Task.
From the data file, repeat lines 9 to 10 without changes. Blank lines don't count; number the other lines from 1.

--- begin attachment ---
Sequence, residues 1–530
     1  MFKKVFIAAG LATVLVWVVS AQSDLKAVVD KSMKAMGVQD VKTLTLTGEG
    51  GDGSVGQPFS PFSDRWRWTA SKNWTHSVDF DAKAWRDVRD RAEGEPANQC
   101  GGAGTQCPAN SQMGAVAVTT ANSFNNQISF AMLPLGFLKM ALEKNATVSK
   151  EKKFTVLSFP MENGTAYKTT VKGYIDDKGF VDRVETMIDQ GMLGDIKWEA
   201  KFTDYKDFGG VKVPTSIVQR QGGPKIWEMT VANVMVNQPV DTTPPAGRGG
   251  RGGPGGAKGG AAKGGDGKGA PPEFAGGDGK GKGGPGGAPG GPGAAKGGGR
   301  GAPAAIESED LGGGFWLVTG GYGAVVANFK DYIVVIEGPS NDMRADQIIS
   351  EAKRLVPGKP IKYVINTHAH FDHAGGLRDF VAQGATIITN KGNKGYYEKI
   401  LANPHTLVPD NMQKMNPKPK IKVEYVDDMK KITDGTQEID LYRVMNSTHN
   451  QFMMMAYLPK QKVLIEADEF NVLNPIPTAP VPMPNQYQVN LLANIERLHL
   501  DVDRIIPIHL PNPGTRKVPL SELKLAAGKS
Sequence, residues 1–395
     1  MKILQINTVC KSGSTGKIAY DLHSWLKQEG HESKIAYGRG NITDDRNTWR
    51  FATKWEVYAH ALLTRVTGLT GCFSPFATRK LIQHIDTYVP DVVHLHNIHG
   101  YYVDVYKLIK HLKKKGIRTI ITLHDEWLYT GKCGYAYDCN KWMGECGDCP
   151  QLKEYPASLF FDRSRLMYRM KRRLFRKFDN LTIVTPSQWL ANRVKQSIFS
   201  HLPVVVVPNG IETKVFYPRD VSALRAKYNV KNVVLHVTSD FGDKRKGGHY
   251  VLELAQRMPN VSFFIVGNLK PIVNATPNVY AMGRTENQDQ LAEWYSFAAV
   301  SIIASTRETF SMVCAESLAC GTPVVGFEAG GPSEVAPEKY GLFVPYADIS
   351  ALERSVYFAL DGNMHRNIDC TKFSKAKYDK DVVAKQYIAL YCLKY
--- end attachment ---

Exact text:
   351  EAKRLVPGKP IKYVINTHAH FDHAGGLRDF VAQGATIITN KGNKGYYEKI
   401  LANPHTLVPD NMQKMNPKPK IKVEYVDDMK KITDGTQEID LYRVMNSTHN